GalaxyAccelbyte是一項幫助遊戲製造商建立後端服務和工具的服務,在Vision Fund 2的領導下增加了6000萬美元的B系列B,因此總融資被帶到7000萬美元


AccelByte, a platform that helps game creators build backend services and tools, has raised $60 million in Series B led by SoftBank Vision Fund 2, with participation from Sony Interactive Entertainment and returning backers Galaxy Interactive and NetEase.

The company’s last funding announcement was in August 2021 for a $10 million Series A led by Galaxy Interactive. To date, the startup has raised a total of $70 million. Accelbyte did not disclose its valuation.

AccelByte’s platform enables developers to build, scale and operate live service games across the player experience loop, including lobby, friends, matchmaking, cloud progression, achievements, season pass, launcher and patcher and more.

The Seattle-headquartered startup will use the money to enhance the backend platform for game creators and support the continued development of the tools to operate AAA-quality live service games at scale.

AccelByte CEO Junaili Lie, who previously led the backend engineering team at Epic Games, founded this startup in 2016. While working at Epic Games, Lie realized that nothing flexible enough existed to support the hefty backend requirements for the then-nascent Epic platform his team had been tasked to build. Lie told TechCrunch that he wants to democratize game creation and provide independent creators — no matter large or small — the same access to AAA-quality tools and platforms to create games and multiplayer experiences.

The firm has seen strong traction as the game industry has experienced explosive growth in well-funded, venture-backed studios. AccelByte claims it has tripled its customer numbers since the Series A, and more than 30 studios are building on the AccelByte platform, Lie told TechCrunch. Its current clients include Dreamhaven, Build A Rocket Boy, 1047 Games, KRAFTON, Deep Silver Volition, Theorycraft Games, Remedy Entertainment, Raid Base and Starbreeze Studios, among others, Lie noted.

“Many of those creators have started building live service games and they simultaneously realize how difficult it is to build a scalable backend platform from scratch. This results in delayed ship dates, titles that have trouble scaling on launch, and a backlog of live service features that are never implemented in-game,” Lie said in an interview. “Building a bespoke backend platform distracts and diverts resources away from what game makers really want to spend their time on: Perfecting the core gameplay loop for their players.”

AccelByte says game developers can extend individual AccelByte platform services, which are built on a microservices architecture, to meet their unique game requirements. Lie said that AccelByte has a host of microservices, including cross-platform matchmaking, player progression, entitlements and catalogs, season passes and more. Its platform is game-engine agnostic, with Unreal and Unity software development kits (SDKs) available and supports cross-platform play across PC, Xbox, PlayStation, Nintendo Switch, iOS and Android.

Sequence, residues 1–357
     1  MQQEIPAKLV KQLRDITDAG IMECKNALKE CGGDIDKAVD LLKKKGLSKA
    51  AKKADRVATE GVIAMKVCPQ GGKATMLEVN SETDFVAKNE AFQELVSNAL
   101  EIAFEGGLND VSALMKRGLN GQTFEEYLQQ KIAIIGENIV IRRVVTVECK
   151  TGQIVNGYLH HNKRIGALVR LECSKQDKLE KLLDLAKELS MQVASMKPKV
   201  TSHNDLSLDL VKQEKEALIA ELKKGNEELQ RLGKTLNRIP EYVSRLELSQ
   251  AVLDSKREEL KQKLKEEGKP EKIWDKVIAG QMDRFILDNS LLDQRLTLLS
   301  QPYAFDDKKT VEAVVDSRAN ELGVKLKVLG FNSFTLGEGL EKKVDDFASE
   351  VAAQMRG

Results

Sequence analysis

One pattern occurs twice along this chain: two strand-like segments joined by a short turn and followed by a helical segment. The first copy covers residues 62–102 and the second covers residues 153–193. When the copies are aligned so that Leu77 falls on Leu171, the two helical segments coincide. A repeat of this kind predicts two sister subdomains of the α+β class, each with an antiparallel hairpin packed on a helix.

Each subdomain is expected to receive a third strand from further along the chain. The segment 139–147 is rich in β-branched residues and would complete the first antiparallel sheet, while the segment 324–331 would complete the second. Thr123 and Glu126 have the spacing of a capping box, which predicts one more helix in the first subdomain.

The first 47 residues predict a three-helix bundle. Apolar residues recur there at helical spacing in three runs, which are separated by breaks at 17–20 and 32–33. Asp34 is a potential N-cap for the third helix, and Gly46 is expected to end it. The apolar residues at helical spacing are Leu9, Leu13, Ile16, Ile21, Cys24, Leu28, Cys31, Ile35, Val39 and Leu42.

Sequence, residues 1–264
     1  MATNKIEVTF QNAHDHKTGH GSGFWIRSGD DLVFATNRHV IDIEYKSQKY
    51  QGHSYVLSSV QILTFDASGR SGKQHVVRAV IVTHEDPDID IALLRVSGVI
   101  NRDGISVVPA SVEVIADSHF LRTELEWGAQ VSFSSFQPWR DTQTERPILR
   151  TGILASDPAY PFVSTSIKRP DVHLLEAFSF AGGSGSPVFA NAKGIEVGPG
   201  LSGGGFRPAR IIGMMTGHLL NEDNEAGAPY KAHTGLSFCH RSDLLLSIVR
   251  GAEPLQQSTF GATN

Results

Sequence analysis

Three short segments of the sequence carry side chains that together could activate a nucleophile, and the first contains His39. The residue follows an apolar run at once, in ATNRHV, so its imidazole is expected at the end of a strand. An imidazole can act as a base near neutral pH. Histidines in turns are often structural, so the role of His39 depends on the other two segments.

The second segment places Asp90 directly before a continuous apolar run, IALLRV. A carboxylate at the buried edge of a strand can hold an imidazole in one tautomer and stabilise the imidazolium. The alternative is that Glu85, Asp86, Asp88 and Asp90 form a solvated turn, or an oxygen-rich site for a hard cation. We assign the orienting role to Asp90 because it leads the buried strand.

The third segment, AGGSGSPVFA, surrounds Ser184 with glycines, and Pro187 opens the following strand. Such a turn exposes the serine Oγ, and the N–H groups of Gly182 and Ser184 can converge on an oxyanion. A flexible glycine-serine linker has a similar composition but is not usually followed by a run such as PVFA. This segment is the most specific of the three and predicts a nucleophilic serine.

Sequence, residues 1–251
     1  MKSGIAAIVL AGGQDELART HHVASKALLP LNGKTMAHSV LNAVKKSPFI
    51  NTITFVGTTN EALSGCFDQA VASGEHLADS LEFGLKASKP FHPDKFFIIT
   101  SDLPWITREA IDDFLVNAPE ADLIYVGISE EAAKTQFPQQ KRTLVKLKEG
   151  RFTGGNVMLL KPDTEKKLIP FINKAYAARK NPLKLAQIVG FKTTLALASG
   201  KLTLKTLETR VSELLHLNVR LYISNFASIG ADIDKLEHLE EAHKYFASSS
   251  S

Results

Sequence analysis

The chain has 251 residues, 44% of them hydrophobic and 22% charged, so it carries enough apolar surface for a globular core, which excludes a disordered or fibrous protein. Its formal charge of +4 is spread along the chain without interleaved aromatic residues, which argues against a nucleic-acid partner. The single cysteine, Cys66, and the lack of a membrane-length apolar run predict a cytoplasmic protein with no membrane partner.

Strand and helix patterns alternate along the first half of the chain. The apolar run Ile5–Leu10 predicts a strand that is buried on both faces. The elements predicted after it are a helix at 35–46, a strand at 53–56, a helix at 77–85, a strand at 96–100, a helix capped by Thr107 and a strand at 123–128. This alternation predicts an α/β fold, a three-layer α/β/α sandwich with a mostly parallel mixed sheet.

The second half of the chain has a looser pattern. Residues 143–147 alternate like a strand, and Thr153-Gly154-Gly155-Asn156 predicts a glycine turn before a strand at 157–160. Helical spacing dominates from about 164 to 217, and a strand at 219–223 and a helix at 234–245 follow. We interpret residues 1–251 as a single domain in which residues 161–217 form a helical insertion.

“Unlike competitors PlayFab and GameSparks, AccelByte is a single-tenant offering where each customer is provisioned in a dedicated environment that is massively scalable to millions of players. This means that each and every microservice is fully customizable, extensible, and [if need be] forkable to meet the unique requirements of that particular game studio,” Lie said.

In 2018, Microsoft acquired PlayFab and Amazon acquired GameSparks to bolster their game infrastructure platform business.

AccelByte has more than 300 employees globally, including in Canada, Indonesia and China.

“As games become more complex with the rise of cross-platform multiplayer and live services, there is an increased need for scalable and efficient infrastructure to minimize time to market,” said Robert Kaplan, investment director at SoftBank Investment Advisers. “We believe AccelByte has built a leading backend solution for the gaming industry, giving developers the platform and tools to scale games faster, easier and cheaper.”

“Building massive and extensive online worlds requires significant technical infrastructure to ensure creators can achieve their vision,” said Lin Tao, SVP, finance, corporate development and strategy at Sony Interactive Entertainment.

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